The Škoda 1000 MBX De Luxe made its debut in March 1966 at the Geneva International Motor Show. The spacious five-seater car with the rear engine and rear-wheel drive went into production in October of the same year. It became an exotic for Eastern European standards at the time.
The MBX was based on the four-door Škoda 1000 MB production model, which relied on a modern monocoque body structure and an engine mounted behind the rear axle. In the early 60s, Škoda built a completely new factory for the production of the Škoda 1000 MB in the immediate vicinity of the existing production facility in Mladá Boleslav. The new factory consisted of modern facilities with more than forty production halls and various other buildings on an area of 80 hectares.
The history of the two-door MBX goes back to 1960, when the two prototypes of the Škoda 990 Tudor were built. The special body - with distinctly inward-sloping C-pillars that merged with the panoramic rear window and the two doors with window-less mullions - was designed at the Kvasiny factory. The bodywork retained the space of the original sedan, with an improved (out) view. Not only could the driver and front passenger lower their door windows, the rear passengers could also open narrow windows in the rear. In addition, the triangular C-pillar windows could be folded out for extra ventilation.
Debut in Geneva
The Škoda 1000 MBX De Luxe was first presented to the public on 10 March 1966 at the Geneva Motor Show. The model surprised visitors with its original shapes. The two-door model gave the impression of not having a B-pillar due to the large glass surfaces. That B-pillar ended in the center of the bodywork below the window line, with the narrower top section able to be turned down together with the windows.
The Škoda 1000 MBX was powered by a 988-cylinder petrol engine with a displacement of XNUMX cm3 and a power output of 38 kW / 52 hp at 5.000 rpm. With an empty weight of 815 kg and a load capacity of 375 kg, the car reached a top speed of 127 km / h. The fuel consumption was between 7,8 and 8,0 liters of gasoline on 100 km. The model was equipped with two Jikov carburetors as standard; an engine with a single carburetor was fitted in only a few cases. The time-intensive assembly of the ŠKODA 1000 MBX, which took many man-hours, started 1966 in the stand-alone part of the Mladá Boleslav plant in October, so that the main production line was not delayed. The last twelve MBX models of the total 1.403 copies of the 1-liter version rolled early 1968 off the production line.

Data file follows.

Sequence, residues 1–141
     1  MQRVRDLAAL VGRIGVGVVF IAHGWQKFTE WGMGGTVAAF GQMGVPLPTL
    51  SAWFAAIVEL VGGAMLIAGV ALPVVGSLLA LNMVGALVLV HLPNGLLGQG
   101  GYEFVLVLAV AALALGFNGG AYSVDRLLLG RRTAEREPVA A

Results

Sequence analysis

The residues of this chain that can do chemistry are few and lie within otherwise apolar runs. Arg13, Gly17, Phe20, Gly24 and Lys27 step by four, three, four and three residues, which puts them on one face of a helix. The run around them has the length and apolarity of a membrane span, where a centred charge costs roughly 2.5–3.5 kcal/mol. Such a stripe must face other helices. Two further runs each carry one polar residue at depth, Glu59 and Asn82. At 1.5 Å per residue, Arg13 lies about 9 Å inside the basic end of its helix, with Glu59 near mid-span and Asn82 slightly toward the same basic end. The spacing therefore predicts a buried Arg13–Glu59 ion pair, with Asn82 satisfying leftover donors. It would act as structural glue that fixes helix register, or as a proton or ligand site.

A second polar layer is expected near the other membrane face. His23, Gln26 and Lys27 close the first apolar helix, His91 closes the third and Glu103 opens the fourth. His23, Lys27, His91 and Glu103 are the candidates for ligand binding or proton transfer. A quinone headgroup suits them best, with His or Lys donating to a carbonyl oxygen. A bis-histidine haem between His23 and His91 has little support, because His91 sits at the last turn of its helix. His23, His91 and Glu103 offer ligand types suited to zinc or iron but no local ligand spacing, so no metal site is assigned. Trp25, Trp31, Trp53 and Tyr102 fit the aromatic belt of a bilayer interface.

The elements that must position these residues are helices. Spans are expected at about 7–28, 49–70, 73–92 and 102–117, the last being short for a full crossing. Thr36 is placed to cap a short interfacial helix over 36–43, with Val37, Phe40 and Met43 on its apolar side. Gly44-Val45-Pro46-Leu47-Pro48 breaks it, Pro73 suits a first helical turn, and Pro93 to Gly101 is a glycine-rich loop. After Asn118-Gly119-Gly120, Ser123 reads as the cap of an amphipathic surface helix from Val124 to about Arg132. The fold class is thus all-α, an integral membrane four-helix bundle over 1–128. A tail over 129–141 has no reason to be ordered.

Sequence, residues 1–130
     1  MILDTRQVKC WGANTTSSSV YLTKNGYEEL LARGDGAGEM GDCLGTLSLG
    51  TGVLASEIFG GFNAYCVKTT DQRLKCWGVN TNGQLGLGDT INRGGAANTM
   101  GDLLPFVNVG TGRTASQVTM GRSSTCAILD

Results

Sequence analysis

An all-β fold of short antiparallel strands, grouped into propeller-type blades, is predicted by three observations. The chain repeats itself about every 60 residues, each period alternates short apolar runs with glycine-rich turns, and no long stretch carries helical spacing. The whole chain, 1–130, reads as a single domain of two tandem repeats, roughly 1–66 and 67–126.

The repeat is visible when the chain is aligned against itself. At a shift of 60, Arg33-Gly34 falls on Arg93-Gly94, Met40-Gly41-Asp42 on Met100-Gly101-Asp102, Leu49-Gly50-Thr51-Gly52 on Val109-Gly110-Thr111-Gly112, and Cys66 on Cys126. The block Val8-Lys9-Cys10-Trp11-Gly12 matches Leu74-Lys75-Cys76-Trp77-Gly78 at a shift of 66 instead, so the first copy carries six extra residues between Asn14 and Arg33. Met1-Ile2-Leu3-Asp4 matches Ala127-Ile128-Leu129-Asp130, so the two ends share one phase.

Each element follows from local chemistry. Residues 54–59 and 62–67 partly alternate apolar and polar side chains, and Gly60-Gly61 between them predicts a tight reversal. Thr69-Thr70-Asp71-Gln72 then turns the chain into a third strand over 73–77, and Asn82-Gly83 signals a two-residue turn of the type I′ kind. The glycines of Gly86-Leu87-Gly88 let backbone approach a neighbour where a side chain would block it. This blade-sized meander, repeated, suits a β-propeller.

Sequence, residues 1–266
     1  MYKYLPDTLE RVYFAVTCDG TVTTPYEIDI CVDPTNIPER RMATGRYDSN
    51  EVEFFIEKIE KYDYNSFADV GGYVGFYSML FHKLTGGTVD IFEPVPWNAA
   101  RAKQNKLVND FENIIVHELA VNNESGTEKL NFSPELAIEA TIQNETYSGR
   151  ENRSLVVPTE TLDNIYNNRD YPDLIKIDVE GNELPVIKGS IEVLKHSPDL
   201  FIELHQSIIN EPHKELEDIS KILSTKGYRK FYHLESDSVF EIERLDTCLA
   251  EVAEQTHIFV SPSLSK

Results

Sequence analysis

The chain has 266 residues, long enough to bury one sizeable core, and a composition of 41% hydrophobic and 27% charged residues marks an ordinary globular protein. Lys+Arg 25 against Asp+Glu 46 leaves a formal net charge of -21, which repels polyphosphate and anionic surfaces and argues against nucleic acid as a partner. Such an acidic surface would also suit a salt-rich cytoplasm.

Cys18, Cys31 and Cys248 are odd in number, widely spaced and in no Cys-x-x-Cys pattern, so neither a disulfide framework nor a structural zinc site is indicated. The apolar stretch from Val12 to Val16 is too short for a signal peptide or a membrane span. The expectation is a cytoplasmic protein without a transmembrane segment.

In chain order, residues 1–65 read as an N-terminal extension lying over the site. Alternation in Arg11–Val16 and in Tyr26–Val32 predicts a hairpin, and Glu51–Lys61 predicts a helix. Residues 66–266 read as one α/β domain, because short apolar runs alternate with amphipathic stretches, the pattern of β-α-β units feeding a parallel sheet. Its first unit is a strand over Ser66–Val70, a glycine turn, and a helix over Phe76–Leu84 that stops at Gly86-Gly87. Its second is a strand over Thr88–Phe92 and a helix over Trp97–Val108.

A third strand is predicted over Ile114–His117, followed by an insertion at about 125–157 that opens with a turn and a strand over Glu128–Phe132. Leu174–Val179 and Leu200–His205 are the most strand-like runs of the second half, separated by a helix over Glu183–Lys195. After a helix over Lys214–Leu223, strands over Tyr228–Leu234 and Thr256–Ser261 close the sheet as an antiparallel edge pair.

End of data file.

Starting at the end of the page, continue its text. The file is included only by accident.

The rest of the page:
MBX important for foreign popularity
In November 1967, the model range of the brand was expanded with the sporty 1100 MBX De Luxe. The engine power remained unaffected with a displacement of 1.107 cm3, but the advantage was that the torque increased from 75,5 to 81,4 Newtonmeter. Other improvements were a more powerful oil pump and more efficient cooling. 1969 1.114 units were built from this stronger version, bringing the total number of two-door MBX versions to 2.517. Despite the relatively low production volume compared to the 1000 MB series production model (443.156 cars), this version significantly boosted the popularity of the ŠKODA brand in many demanding foreign markets. The legendary Coupé ŠKODA 110 R (1970-1980) gave an appropriate follow-up to the success of the attractive two-door MBX version, followed by the Garde and Rapid models.
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